A Letter to Governors and Legislators



Dear Governors and Legislators,

Congratulations on your (re-)election. Your many duties include appointing and confirming public utility commissioners. They are responsible for inducing high-quality performance by providers of electric, gas, water, and telecommunications service. Your appointees' decisions will affect millions of consumers; billions of investor dollars; the local, regional, and national economies; and our air, land, and water. Here are eight thoughts on producing top-notch results:

1. Appointments Rooted in Principle

“Regulation” is not a political whipping boy, something to campaign against. Nor is it a unidimensional spectrum on which “more” is better than “less.” Serious regulators do not debate oversimplifications like “command and control” versus “light-handed” regulation. (The regulatory legend Peter Bradford once noted, “I've heard of light-headed regulation, light-fingered regulation, and red-handed regulation; I know little of light-handed regulation.”) Regulation, instead, is about performance: aligning utilities' behavior with the public's needs. Principled regulators ask five questions: (1) What outcomes do we seek to produce?; (2) What specific behaviors, engaged in by whom, will produce those outcomes?; (3) Which behaviors will occur naturally, without regulation, because they align with the actor's self-interest?; (4) Which behaviors, in contrast, will occur only if regulation intervenes?; and (5) To produce those behaviors, what specific rewards and penalties must regulation introduce?

2. A Ten-Dimensional Job

Utility regulation used to be straightforward. Utilities built infrastructure, sold products and services, proposed rate increases. Commissions approved projects and set rates. Their central aim was to protect customers from monopoly abuse—in the form of imprudent investments, inefficient operations, and undue discrimination against choiceless customers—while setting rates that gave investors a fair shot at a reasonable return.

Today's regulators do much more: They make markets, design programs, administer investment funds, incubate renewable energy industries, disseminate broadband, promote energy efficiency, protect critical infrastructure, and resolve stakeholder differences. They even act as. . .


Testimony, Papers, and Presentations

The testimony relates to AltaGas’s proposed acquisition of WGL Holdings, Inc. and Washington Gas Light Company.
The testimony addresses the following: the effect of the transaction on consumers, including: (1) reasonableness of the purchase price, including whether the purchase price was reasonable in light of the savings that can be demonstrated from the merger and whether the purchase price is within a reasonable range; (2) whether ratepayer benefits . . .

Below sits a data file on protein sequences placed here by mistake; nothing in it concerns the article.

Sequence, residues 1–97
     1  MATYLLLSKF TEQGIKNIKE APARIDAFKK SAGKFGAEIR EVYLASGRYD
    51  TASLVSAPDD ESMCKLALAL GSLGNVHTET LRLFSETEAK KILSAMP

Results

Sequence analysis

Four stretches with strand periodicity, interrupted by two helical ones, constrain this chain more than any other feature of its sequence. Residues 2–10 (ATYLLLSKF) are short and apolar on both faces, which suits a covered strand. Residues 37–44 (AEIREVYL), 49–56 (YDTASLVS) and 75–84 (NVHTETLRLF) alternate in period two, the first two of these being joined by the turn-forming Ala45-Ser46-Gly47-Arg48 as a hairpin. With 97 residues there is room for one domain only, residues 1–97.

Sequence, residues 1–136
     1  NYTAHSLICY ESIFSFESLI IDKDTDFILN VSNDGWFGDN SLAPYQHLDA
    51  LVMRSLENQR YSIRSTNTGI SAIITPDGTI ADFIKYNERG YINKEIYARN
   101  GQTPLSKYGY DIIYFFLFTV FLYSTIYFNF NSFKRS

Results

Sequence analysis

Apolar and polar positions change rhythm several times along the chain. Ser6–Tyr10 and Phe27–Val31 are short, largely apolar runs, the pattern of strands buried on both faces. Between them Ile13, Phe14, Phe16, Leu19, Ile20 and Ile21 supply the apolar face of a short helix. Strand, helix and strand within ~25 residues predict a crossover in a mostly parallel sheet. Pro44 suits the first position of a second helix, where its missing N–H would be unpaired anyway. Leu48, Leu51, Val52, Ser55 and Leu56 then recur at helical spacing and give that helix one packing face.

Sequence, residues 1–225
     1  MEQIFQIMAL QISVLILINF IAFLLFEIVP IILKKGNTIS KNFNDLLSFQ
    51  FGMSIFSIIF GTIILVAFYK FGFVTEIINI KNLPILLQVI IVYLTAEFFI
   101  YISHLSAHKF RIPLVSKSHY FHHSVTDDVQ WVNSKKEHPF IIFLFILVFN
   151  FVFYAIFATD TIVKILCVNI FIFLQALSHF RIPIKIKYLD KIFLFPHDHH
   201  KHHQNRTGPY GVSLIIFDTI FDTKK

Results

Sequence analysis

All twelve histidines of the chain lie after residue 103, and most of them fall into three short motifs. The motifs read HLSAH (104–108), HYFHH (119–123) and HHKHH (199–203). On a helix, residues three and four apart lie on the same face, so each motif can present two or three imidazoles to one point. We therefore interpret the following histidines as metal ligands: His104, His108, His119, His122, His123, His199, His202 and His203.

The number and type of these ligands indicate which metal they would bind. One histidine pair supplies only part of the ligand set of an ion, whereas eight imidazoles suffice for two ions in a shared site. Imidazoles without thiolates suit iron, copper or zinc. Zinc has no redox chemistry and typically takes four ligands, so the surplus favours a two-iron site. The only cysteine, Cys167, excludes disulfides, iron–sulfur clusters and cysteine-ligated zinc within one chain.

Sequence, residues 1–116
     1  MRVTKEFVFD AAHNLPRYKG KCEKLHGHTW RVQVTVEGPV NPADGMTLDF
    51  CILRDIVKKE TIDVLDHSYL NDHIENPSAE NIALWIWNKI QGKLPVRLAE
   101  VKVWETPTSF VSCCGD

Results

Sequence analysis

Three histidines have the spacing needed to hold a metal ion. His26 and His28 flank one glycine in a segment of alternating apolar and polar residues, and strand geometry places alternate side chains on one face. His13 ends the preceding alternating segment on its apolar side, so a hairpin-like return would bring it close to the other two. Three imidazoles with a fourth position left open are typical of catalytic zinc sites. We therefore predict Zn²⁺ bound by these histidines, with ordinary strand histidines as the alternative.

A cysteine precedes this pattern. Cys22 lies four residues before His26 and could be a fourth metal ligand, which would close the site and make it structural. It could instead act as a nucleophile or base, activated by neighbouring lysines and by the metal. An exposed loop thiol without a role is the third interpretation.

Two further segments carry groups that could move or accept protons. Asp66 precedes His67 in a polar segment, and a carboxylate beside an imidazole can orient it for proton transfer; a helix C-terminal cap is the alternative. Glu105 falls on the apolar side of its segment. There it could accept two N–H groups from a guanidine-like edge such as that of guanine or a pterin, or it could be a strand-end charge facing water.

Testimony addresses the issues of whether the proposed transaction affects the interests of ratepayers; the ability of JCP&L and MAIT to provide safe, adequate, and proper utility service at just and reasonable rates; and whether the proposed transaction is in the public interest.
This expert report was submitted to a federal trial court in May 2016 on behalf of City of Jacksonville, Florida. The litigation, and report, involve a 1943 disaffiliation of a gas corporation from its holding company, as mandated by the Public Utility Holding Company Act of 1935. The report explains why the disaffiliation did not prevent liability for the costs of environmental cleanup, if such liability exists under the Comprehensive Environmental Response, Compensation, and Liability Act of 1980, from passing to the new corporation.

Books by Hempling

Regulating Public Utility Performance

“[A] comprehensive regulatory treatise …. In all respects, it merits comparison with Kahn and Phillips."

Regulating Public Utility Performance:  The Law of Market Structure, Pricing and Jurisdiction

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Preside or Lead

Preside or Lead?
The Attributes and Actions of Effective Regulators

Now Available on Kindle

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Hempling Appearances

Energy Bar Association
Panel on Practice Principles for New Regulatory Lawyers

UDC Law School Panel
Is the Exelon Takeover of Pepco in the Public Interest?

Nigeria Electricity Regulatory Commission
3rd Judges’ Seminar

Telecom Forum
Asamblea Plenaria REGULATEL

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Working with Scott Hempling is both a pleasure and an honor. Ethical, fair-minded, and dedicated—these are a few of the attributes that Scott brings to his work and his clients. His pursuit of justice is to ensure that a practical outcome will ensue. Scott recognizes the significance of every issue and its implications for any person involved either directly or indirectly. His wide-angle lens encompasses a broad and deep technical legal knowledge that allows him to decipher and give insight into every challenge.
— Elise Herzig, President and CEO, Ontario Energy Association